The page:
Our catechism (A Short Explanation of Dr. Martin Luther’s Small Catechism, CPH, 1943, Q/A 300) lists four important points of evidence from the Scriptures that support the doctrine of the real presence, the first of which emphasizes the very words with which Christ instituted this Sacrament.  In connection with the bread that He gave to His disciples in that first Lord’s Supper, Jesus plainly told them: “This is My body” (Matthew 26:26); and of the wine He said: “This is My blood” (v.  28).  Interestingly enough, in Greek (the language in which the New Testament was written by inspiration of the Holy Ghost) the word “is” does not even need to be specified in such a statement, and it would still be understood.  For example, Mark 12:30 records the words of Jesus as “This is the first commandment,” even though the word “is” is not in that statement as it is found in the original Greek.  The translators correctly added “is” in Mark 12:30, because English grammar requires it.  Accordingly, even if the words of Jesus with which He instituted the Sacrament had simply been recorded as “This My body” and “This My blood” (without the “is”) in the original text, it would still mean “this is My body,” because of the way Greek grammar works.  However, in the words of institution, the word “is” is not merely implied or understood, but is specifically stated in the inspired Greek text!  This is why Luther kept pointing to the word “is” in his meeting with Zwingli (who denied the doctrine of the real presence) at the Marburg Colloquy in 1529.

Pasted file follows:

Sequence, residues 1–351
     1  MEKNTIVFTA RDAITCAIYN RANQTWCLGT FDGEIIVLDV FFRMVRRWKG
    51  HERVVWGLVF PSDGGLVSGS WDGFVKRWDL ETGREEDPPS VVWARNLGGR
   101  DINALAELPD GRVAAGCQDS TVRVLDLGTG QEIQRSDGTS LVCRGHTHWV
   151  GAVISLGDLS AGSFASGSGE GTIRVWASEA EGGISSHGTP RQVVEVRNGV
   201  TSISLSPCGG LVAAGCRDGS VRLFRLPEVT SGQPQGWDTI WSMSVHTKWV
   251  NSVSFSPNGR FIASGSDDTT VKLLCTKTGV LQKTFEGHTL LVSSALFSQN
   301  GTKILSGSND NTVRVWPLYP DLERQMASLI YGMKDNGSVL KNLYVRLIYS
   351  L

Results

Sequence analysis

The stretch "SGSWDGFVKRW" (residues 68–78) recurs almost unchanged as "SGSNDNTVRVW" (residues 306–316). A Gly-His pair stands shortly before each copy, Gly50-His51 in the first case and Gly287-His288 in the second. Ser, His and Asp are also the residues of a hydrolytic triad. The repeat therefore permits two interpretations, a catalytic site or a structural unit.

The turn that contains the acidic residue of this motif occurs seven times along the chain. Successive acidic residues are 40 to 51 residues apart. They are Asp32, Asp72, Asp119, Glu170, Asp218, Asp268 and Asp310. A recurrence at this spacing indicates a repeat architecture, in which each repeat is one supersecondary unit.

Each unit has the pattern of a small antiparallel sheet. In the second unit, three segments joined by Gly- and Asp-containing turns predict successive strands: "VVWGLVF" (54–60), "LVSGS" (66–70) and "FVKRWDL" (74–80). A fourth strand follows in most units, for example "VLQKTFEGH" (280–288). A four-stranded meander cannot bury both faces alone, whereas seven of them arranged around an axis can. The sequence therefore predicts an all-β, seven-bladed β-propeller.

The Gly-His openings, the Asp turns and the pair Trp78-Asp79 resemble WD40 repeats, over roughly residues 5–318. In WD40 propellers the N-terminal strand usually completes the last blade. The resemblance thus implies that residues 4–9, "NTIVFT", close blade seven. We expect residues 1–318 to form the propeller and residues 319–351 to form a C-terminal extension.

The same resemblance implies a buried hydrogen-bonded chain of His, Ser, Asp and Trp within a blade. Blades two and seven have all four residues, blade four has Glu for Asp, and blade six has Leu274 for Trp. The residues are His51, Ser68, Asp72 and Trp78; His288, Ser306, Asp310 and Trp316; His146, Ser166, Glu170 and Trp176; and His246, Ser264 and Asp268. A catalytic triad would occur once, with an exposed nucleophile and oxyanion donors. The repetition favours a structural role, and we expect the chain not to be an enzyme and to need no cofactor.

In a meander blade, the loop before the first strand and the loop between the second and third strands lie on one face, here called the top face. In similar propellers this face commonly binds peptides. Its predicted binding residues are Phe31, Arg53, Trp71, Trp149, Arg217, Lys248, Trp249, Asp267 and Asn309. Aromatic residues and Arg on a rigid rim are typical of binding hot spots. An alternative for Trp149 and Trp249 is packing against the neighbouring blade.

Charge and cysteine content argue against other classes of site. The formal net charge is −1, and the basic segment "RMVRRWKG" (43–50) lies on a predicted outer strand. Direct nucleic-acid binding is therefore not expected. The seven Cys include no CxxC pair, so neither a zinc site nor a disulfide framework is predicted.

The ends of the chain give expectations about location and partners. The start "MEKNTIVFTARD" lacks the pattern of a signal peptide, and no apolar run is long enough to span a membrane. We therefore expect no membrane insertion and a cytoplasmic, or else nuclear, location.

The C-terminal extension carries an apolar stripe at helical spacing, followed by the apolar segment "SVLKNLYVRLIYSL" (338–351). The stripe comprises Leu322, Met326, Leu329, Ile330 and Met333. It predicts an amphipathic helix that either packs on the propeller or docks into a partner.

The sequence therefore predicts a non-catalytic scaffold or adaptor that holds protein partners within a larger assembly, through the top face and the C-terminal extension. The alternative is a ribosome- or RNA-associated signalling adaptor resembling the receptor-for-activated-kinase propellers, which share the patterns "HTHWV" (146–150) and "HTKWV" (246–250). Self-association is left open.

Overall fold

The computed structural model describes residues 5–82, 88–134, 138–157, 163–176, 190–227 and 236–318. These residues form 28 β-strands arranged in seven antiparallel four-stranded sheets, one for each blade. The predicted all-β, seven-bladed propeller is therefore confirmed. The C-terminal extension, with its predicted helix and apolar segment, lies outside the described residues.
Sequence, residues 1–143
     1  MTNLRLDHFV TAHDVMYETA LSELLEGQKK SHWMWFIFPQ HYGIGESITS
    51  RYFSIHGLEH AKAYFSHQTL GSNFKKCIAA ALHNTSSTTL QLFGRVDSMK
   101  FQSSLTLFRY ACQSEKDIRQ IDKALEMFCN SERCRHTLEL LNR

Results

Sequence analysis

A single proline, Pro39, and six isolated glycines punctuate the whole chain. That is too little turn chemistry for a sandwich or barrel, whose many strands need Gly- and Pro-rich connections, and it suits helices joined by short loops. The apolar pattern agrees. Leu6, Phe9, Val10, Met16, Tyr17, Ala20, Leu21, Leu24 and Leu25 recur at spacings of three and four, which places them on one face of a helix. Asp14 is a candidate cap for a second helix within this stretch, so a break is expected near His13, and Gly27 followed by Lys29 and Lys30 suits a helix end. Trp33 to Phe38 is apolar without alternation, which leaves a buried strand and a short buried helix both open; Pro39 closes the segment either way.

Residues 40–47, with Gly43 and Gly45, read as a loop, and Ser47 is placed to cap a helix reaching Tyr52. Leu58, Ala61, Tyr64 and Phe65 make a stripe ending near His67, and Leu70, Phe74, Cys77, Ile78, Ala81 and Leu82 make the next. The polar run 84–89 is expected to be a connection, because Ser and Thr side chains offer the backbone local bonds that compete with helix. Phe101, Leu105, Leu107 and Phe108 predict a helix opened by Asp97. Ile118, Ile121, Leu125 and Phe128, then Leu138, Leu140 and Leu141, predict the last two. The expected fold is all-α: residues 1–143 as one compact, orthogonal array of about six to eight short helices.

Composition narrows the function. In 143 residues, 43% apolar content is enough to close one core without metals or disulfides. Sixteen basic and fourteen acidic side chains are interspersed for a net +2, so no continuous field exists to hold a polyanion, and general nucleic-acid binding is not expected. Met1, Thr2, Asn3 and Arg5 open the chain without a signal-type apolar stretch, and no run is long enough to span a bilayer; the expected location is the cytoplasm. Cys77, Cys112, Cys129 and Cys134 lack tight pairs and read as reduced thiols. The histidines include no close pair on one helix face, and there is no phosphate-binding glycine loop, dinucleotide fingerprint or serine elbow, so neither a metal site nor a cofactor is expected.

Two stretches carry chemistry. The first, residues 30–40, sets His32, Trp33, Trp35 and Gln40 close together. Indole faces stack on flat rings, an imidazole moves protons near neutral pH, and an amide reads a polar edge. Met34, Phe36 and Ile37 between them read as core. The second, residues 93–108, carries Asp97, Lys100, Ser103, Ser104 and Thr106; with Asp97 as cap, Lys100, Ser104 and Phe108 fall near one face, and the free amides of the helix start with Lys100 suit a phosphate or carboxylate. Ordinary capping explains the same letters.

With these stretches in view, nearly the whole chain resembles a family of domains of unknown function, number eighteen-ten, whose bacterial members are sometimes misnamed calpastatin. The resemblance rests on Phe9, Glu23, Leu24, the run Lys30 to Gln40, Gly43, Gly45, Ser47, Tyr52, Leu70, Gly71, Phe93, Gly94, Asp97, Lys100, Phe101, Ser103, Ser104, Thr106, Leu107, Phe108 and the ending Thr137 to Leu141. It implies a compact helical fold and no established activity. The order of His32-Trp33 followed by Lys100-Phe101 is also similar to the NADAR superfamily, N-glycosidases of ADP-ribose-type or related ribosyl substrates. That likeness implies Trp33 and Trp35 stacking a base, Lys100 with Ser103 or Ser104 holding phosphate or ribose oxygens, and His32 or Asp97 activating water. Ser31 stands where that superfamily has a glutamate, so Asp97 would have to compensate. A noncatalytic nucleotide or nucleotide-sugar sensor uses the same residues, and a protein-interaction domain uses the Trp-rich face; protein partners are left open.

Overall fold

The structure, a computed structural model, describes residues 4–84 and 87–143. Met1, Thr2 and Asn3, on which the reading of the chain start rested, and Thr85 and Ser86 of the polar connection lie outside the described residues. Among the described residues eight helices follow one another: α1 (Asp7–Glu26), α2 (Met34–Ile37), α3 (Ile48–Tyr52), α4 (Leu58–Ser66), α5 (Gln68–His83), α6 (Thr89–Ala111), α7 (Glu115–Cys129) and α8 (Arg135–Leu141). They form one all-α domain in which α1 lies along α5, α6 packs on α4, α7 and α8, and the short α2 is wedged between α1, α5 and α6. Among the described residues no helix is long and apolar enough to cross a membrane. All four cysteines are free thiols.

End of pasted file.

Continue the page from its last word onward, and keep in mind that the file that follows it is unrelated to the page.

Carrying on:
Specifying the word “is” in the inspired Greek text, God shows that He certainly wants us to accept the fact that the true body and blood of Christ are, indeed, present in His holy Sacrament, and are received by the communicants together with the bread and the wine.  That the real body and blood of Christ are actually present (not merely symbolized) under the visible elements of the bread and the wine gives us the assurance of real blessings being conveyed to us through them.  Giving us the very body and blood with which He paid the penalty of our transgressions, the Lord Jesus offers, gives, and seals to us the benefits of that redemptive work (His body broken for us and His blood shed for us), even the forgiveness of all our sins.  He says: “This is My body which is given for you” (Luke 22:19); “This is My body which is broken for you” (I Corinthians 11:24); “This cup is the new testament in My blood, which is shed for you” (Luke 22:20); “This is My blood of the New Testament, which is shed for many for the remission of sins” (Matthew 26:28).  The Gospel covenant (“the New Testament” connected with Christ’s blood) assures us of God’s grace and mercy on account of the propitiation of the Lord Jesus Christ.  Thus, through this Sacrament, the Gospel’s strengthening power is conveyed to all those who receive it in true faith.